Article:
How party socialization affects legislative behavior
In a new paper with Philipp Mai (TU Kaiserslautern), we present findings from an analysis of how intra-party socialization shapes legislative behavior of members of the German Bundestag. More concretely, we have coded whether politicians held party offices at lower levels of the party (e.g. municipal level) before they were elected in Parliament and whether the party discipline in roll-call votes is higher for those „party animals“. We find, indeed, that the absence of a intra-party socialization via holding lower-level party offices does increase the likelihood of an MP to vote against the party line. Moreover, our results show that this effect is most prominent for newly elected MPs and gets less important the longer an MP is in Parliament. Hence, it seems that parliamentary socialization overshadows party socialization after some time. The paper has been published in Legislative Studies Quarterly, one of the major outlets for research about Parliaments and legislative behavior.
Media reporting, welfare state reforms and government support
In a new paper, Stefanie Thurm, Carsten Jensen and I have looked into the relationships between media reporting about welfare state reforms and government support in Germany between 1994 and 2014. Based on coding of newspaper articles in two main quality newspapers, the „Süddeutsche Zeitung“ and the „Frankfurter Allgemeine Zeitung“, we analyzed whether the reporting about cutbacks and expansions is linked to how much citizens support the incumbent government. We find that, controlling for the actual reform activity (that is legislation on expansions and cutbacks), media reporting about cutbacks does significantly decrease support for the government – and especially so for Social Democrats. The paper has appeared now online first in the Journal of European Public Policy.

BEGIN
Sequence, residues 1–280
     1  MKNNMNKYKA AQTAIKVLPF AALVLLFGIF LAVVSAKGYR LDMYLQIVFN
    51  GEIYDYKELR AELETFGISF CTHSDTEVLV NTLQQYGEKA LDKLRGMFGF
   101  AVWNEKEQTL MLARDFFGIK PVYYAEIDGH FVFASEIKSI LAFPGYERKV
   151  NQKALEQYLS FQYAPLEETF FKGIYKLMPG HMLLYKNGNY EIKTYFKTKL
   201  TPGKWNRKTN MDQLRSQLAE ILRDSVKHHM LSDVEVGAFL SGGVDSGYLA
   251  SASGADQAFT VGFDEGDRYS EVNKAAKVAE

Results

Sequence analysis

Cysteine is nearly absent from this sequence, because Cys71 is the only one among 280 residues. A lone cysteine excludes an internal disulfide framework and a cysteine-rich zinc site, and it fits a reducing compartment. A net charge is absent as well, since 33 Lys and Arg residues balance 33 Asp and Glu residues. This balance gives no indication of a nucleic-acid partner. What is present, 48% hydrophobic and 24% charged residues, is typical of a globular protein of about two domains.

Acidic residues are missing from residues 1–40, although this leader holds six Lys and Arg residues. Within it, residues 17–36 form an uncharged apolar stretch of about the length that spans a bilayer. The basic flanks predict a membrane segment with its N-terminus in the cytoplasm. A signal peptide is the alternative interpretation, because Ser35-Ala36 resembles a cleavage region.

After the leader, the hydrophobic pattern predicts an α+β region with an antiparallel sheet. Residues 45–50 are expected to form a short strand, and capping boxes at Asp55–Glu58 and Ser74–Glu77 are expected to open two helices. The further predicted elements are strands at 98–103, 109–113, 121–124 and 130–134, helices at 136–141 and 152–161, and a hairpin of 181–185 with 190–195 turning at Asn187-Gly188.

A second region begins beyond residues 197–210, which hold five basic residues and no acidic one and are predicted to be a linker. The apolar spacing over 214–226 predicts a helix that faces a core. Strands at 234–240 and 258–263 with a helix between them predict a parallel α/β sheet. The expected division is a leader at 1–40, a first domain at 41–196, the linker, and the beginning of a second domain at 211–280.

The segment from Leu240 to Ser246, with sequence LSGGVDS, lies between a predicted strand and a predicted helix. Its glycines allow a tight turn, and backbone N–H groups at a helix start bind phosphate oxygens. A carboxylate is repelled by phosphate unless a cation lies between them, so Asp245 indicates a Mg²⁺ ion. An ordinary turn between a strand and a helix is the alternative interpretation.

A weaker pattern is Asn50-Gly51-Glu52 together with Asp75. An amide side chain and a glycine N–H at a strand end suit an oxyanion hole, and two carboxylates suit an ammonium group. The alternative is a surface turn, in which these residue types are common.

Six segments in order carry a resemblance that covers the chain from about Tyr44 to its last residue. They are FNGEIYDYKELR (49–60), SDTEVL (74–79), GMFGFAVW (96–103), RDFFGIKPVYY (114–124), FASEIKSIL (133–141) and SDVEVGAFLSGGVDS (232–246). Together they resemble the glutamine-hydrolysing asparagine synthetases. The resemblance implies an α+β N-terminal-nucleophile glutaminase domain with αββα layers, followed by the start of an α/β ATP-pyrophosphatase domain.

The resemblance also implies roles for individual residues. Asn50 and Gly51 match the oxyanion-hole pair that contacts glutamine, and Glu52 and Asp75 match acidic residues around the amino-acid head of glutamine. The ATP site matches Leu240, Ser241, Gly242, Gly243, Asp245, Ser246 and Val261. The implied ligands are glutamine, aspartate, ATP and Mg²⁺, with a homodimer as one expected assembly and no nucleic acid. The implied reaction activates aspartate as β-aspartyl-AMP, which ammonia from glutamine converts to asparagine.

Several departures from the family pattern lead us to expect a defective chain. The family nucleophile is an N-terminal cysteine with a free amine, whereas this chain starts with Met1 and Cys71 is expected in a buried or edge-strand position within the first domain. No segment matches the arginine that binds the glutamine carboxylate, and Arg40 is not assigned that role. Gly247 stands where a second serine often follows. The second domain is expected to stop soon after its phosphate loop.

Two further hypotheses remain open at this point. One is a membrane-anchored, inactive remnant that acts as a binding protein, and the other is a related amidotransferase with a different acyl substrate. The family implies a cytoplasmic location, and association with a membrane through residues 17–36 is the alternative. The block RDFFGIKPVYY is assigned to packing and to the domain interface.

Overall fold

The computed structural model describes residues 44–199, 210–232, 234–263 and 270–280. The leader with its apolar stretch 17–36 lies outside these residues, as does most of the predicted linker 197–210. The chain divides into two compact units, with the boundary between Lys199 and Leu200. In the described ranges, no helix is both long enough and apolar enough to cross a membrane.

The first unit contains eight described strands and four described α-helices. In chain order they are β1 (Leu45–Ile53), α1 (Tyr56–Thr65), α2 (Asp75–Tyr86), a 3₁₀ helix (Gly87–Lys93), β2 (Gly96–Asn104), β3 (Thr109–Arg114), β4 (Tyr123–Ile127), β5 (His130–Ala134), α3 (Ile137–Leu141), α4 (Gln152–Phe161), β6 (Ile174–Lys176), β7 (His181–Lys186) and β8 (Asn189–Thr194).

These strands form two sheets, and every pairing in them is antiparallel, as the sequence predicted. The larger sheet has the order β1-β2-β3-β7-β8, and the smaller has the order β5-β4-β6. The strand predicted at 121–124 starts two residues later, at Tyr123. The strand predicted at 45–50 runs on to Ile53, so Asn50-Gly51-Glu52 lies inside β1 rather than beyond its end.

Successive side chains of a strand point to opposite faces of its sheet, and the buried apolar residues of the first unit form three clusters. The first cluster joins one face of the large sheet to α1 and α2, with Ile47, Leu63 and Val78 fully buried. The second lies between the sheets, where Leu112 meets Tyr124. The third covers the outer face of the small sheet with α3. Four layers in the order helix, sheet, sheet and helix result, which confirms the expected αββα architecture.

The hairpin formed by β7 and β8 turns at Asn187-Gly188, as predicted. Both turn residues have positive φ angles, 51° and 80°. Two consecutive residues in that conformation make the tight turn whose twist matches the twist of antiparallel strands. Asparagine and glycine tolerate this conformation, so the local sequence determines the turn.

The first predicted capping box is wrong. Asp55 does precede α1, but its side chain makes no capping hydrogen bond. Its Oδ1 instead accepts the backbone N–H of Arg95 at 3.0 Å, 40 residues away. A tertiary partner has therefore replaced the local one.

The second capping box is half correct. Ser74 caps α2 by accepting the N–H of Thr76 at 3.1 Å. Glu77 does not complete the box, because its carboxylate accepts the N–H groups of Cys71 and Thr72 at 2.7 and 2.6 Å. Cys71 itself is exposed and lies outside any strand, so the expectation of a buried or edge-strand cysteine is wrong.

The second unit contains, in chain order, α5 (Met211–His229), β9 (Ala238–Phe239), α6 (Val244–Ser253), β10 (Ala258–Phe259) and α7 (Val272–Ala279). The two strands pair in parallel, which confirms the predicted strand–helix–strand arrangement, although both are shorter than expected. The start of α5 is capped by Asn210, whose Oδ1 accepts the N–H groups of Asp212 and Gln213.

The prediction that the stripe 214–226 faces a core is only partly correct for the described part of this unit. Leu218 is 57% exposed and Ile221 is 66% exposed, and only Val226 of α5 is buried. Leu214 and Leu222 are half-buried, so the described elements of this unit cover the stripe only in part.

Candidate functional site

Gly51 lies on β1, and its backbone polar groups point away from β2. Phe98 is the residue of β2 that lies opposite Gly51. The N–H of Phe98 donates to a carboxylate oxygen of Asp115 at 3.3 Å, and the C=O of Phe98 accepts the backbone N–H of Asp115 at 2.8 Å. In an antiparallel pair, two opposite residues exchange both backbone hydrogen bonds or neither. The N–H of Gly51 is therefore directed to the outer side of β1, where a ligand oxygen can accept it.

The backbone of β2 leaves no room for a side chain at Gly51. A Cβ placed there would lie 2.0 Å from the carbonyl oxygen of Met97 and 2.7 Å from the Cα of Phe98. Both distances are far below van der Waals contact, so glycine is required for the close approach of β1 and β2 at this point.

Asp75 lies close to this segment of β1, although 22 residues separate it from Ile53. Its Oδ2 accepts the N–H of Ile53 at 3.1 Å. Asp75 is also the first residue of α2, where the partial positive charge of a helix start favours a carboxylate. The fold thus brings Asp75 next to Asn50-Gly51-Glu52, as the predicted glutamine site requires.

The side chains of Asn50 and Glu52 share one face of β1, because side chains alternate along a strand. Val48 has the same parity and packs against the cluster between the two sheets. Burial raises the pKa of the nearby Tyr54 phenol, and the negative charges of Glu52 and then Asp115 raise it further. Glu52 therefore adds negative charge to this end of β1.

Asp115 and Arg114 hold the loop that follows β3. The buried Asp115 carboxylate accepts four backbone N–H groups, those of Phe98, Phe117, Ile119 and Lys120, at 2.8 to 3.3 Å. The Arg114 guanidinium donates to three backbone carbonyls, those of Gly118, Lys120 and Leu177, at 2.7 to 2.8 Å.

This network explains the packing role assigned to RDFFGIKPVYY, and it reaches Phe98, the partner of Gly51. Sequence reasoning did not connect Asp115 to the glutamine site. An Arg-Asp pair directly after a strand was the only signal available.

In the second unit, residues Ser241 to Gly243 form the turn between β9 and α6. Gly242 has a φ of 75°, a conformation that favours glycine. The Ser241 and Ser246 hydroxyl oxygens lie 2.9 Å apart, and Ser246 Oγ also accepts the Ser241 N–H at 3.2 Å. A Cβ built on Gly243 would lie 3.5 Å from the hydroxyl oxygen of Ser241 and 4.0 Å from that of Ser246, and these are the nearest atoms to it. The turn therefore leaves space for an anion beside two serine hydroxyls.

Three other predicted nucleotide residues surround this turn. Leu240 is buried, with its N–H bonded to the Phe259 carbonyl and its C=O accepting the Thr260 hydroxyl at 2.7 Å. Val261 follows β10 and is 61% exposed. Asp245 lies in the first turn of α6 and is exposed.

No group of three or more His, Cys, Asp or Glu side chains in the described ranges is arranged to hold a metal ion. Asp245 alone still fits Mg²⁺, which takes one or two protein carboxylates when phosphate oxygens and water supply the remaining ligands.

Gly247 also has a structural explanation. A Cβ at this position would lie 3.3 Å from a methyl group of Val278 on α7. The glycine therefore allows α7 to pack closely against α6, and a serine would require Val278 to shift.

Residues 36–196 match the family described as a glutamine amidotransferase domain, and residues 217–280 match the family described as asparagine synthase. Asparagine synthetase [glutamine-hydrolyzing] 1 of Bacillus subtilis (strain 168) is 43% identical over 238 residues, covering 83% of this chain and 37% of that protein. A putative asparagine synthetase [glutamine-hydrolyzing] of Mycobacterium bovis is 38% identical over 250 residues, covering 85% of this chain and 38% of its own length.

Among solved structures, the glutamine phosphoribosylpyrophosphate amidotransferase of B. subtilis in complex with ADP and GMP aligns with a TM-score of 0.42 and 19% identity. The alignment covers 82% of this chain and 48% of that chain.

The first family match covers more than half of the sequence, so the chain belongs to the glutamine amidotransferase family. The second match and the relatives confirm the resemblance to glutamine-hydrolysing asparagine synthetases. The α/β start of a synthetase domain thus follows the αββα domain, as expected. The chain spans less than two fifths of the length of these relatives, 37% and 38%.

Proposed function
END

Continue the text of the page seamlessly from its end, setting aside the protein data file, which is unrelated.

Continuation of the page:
Call for Abstracts QAccADM
As part of the project „Fatal4Justice?“ financed by the Volkswagen Foundation, we will organize a international conference in Berlin on March 13 on current research questions on accountable algorithmic decision making systems (QAccADM)„. We invite abstracts for short „lightning talks“ on questions of algorithmic regulation and the use of ADM systems by the state – and specifically for a political science panel that will open the academic part of the conference.
The call for abstracts is to be found here
To go to the conference site, just click here.
Effectiveness trumps transparency in the evaluation of algorithms used by the state